The idea has won recognition at Dubai Lynx (including the first-ever Grand Prix for Good, at Cannes, at New York Festivals, at One Show, at The ANDY’s, at Warc and at Effies). It was creative, cost-effective and done very efficiently.
AdH: In Bucharest you will talk about small resources, but life changing ideas that propelled FMCG brands in the first league of their category. Give us the most compelling example.
One of my personal favorites is an idea that helped Coca-Cola, a global brand, play an additive role in the local culture of a region in which the brand is a foreigner and a distant number 2 in both market share and media spends versus Pepsi.
The story is about how during Ramadan, the Superbowl of advertising in the Middle East (and a month of equality and unity), in a world beset with prejudice, Coca-Cola shared a message against stereotyping and labeling with the world, from one of its most divided regions. And won the highest ever brand love and word of mouth for Coca-Cola.
Can’t wait to share the meaningful story behind that idea!
AdH: You were a long applauded speaker in Dubai Lynx, when you spoke about “cultural creativity” and creativity of the masses, especially in communities where resources are scarce. What marketers can learn from this?
Today, every industry is facing challenges; from the tech leaders fueling the remarkable and exponential growth of technology to marketers and their agencies looking at business growth. And every day everyone is in a street fight.
Marketers and agencies need to give a damn about the real, hard problems, stop making excuses and focus on coming up with ideas that help brands play a meaningful role in people’s lives.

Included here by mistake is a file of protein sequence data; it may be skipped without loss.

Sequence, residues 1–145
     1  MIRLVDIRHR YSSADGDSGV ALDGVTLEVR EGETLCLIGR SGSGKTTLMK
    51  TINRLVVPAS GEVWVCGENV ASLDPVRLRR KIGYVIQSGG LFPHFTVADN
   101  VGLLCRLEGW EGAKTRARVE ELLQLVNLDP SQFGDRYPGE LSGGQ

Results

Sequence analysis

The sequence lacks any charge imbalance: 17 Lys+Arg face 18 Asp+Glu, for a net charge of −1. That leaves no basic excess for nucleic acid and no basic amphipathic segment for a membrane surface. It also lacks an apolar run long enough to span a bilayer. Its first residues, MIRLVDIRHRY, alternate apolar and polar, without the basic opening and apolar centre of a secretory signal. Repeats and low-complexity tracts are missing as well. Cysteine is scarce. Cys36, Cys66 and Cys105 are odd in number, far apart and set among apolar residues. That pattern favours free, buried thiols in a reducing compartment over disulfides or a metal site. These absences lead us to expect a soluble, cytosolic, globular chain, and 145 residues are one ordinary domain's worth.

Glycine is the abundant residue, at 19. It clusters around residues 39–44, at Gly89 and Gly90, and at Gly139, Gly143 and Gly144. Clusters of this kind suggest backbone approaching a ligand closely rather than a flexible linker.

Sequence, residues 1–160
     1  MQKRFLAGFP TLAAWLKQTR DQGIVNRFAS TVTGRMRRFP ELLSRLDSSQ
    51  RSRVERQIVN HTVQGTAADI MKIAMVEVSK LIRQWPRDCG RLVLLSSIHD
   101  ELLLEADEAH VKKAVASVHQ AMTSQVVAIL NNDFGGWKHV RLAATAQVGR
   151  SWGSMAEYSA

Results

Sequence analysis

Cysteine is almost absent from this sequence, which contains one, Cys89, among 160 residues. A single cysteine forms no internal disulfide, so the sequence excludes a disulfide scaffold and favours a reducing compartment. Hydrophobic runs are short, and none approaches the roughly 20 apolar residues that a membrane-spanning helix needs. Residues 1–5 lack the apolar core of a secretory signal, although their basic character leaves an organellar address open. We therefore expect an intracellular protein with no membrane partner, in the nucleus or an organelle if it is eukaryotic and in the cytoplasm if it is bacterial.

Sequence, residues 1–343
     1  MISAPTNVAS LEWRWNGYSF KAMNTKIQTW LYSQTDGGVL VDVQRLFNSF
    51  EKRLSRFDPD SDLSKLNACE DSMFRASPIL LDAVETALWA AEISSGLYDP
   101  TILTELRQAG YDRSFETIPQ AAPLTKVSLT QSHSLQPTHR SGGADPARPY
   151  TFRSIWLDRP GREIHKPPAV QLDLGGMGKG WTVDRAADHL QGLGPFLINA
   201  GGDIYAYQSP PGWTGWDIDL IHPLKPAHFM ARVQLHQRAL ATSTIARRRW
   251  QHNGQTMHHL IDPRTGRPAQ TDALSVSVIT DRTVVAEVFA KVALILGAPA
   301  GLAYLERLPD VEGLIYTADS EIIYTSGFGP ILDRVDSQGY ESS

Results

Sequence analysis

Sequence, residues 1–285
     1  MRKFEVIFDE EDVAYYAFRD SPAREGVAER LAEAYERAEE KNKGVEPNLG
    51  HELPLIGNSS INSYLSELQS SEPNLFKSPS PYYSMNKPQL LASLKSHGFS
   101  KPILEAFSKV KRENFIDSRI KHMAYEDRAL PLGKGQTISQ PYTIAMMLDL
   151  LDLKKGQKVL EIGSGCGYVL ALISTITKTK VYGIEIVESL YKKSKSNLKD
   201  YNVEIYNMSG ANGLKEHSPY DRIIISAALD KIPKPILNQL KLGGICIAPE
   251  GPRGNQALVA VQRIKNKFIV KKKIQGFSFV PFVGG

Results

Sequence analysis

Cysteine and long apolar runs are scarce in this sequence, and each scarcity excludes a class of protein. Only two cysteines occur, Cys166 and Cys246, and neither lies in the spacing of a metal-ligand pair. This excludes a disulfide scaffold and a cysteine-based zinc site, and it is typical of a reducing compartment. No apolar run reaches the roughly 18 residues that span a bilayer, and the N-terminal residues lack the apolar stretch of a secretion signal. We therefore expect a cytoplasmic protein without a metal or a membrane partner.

In this scenario, “creativity” is the one true way to survive and succeed. It needs to be nurtured, encouraged and rewarded – from marketers and their agencies. Because “creativity” shouldn’t be just brandished around at award festivals or on award show nights or in conferences. It’s how we should solve the really, really hard problems every day. Looking at people in places like Egypt, Africa, India, one sees people being extremely creative, innovative and effective – without breaking the bank, and in a pretty quick and efficient manner. Why can’t we as creative agencies?
Today, given the restrictions on budgets and the need for speed, there’s a need for “scrappy, nimble, street-fighting” kinda creativity. One that’s creative, hacks those restrictions, is fairly quick and is cost-effective. Marketers need to support their agencies in doing that and have the right structures to allow for agencies that deliver to be rewarded.
AdH: You were a juror of the Romanian finalist teams in their way to Cannes / Young Marketers. How did you find their ideas on Renania’s safety brief? Any culturally inspired ones that impressed you?
I liked a lot of the approaches taken by the teams. They are way smarter than I was at their age! So, kudos to them.
There were a lot of examples positioning the safety products in the “fashion” space which was a smart strategic take. There were some examples that spoke about the human need for protection which were interesting and I wish they were scaled up more. And the winning idea was focused on talking to people who influence men to purchase – Women! It was the Old Spice archetype and it was smartly thought through. It can be an exciting and effective campaign.
I didn’t see a lot of cultural insights though. Not just in inspiring the ideas, but also in inspiring channel thinking or executions. Would’ve loved to have seen an idea launching this brand in Romania for everyday people that was actually inspired from a local insight or cultural nuance that wasn’t too universal. The good thing is that the ideas ended up being universally applicable! And can work across any market. What would’ve been very interesting though would be to have a few that were inspired from an ‘only in Romania’ type of insight, to make the idea culturally unique.